Daily Crunch: WeWork delays its IPO
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The move was widely expected, but The We Company (which owns WeWork) made it official yesterday, with new co-CEOs Artie Minson and Sebastian Gunningham declaring that they’ve “decided to postpone our IPO to focus on our core business.”
Since the company’s S-1 became public, it has faced intense scrutiny over the general state of its finances, and more specifically over the power and behavior of Adam Neumann, who stepped down as CEO last week.
It’s a decision that plunges many websites into legal hot water in Europe. The Court says consent must be obtained prior to storing or accessing non-essential cookies, such as tracking cookies for targeted advertising.
Twitter is rolling out its spam and abuse filter for Direct Messages, a month and a half after the company announced it had started testing the feature. This should be useful for people who want to keep their DMs open without having to see abusive content.
Earlier this summer, Microsoft introduced an extra layer of security for its OneDrive product, allowing users to protect their files with two-step verification. Now it’s rolling this feature out worldwide.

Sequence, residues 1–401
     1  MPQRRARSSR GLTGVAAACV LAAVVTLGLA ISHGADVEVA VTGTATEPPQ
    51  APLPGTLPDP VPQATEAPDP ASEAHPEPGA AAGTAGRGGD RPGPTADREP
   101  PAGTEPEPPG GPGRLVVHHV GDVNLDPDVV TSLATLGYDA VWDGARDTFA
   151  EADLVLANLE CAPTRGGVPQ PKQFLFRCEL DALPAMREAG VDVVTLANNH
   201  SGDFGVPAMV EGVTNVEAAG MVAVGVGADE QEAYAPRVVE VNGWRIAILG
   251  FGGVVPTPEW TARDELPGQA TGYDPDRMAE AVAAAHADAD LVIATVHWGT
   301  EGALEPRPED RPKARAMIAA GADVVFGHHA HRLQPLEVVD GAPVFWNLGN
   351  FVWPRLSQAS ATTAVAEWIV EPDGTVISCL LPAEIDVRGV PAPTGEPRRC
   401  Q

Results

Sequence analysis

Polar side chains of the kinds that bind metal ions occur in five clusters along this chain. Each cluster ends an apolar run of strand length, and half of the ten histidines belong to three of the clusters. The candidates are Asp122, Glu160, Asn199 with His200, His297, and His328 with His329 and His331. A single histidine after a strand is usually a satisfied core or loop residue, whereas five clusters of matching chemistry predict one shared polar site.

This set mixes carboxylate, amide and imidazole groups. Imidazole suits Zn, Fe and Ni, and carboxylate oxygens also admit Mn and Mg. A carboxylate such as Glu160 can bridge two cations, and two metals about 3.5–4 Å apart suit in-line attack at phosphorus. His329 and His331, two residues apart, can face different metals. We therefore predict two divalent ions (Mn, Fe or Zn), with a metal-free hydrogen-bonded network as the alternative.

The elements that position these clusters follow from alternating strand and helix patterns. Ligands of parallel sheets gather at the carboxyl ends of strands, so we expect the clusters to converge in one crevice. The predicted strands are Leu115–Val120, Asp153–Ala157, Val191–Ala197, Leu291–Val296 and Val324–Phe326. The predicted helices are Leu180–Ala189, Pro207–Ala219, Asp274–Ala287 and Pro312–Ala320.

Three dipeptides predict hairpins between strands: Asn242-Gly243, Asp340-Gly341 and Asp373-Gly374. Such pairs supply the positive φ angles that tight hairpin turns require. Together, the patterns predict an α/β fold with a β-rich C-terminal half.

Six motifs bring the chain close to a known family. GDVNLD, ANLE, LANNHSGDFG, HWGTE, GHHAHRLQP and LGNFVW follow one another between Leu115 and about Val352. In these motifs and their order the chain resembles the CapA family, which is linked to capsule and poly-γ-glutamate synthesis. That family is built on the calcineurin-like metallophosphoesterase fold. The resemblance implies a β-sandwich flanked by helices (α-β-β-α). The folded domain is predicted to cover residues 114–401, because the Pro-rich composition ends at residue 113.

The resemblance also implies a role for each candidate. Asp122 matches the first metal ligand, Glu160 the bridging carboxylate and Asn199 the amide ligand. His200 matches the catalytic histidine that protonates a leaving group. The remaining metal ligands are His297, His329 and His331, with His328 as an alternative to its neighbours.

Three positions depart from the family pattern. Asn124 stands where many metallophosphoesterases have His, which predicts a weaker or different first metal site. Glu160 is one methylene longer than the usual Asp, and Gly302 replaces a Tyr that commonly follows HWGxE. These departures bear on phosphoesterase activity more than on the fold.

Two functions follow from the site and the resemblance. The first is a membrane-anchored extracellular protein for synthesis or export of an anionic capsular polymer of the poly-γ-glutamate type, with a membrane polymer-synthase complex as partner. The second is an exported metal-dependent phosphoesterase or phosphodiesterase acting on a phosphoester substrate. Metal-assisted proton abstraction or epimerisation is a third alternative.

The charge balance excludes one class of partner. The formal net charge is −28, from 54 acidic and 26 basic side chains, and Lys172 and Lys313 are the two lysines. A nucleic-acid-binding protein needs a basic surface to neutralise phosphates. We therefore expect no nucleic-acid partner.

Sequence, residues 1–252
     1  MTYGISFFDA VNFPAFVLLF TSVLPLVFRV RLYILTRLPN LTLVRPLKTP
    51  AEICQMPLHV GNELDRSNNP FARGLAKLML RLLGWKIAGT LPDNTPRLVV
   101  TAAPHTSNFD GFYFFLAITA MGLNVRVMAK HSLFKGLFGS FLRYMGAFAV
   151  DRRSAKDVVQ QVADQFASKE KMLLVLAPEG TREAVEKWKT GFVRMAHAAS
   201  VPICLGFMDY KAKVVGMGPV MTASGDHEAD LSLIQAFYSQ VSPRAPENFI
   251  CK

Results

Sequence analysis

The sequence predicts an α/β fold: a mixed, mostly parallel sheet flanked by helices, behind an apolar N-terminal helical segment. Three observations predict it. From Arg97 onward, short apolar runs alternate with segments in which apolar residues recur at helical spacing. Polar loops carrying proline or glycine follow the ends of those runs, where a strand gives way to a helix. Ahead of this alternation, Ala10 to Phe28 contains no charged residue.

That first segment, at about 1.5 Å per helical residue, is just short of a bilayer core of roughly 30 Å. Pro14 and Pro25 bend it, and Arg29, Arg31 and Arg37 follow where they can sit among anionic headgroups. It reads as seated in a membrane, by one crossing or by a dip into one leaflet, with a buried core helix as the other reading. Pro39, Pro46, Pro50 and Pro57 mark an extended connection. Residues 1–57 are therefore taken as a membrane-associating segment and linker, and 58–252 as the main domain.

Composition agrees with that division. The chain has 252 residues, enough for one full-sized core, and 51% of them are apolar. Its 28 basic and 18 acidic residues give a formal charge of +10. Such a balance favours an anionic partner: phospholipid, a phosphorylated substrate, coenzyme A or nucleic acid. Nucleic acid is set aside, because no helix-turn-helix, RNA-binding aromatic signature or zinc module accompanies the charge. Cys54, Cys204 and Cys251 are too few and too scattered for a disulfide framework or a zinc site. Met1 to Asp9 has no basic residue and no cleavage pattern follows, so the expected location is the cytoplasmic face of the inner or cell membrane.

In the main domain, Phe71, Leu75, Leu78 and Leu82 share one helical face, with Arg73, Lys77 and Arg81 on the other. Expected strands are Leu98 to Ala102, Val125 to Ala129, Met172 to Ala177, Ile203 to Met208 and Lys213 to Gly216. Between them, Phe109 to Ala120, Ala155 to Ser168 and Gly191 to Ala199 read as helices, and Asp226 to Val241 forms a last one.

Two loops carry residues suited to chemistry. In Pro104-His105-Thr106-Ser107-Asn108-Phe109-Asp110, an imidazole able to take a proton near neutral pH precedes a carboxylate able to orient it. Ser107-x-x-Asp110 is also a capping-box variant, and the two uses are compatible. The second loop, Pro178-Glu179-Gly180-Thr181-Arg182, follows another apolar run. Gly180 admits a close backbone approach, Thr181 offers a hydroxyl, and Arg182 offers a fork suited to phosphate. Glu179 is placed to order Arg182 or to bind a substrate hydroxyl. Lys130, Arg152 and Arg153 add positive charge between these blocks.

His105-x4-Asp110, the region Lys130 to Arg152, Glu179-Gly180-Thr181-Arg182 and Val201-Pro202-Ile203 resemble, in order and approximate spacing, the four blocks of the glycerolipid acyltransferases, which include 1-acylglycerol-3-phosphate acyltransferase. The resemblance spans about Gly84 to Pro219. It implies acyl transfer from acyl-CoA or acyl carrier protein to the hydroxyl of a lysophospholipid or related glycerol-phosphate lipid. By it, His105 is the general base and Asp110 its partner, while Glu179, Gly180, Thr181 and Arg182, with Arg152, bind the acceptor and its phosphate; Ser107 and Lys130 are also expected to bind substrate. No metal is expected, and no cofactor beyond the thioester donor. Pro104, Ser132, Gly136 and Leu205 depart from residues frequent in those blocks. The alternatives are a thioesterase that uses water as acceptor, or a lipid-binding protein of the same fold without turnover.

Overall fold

The company’s new mobile experience includes a dedicated “For You” tab where a continually updated feed of content is presented to users, including music and podcast recommendations.
Currently, Rapyd lets customers use its API to enable checkout, funds collection, fund disbursements, compliance as a service, foreign exchange, card issuing and integration.
SmartNews’ Jeannie Yang talks about the app’s place in the media ecosystem, creating recommendation algorithms that don’t reinforce biases, the difference between its Japanese and American users and the challenges of presenting political news in a highly polarized environment. (Extra Crunch membership required.)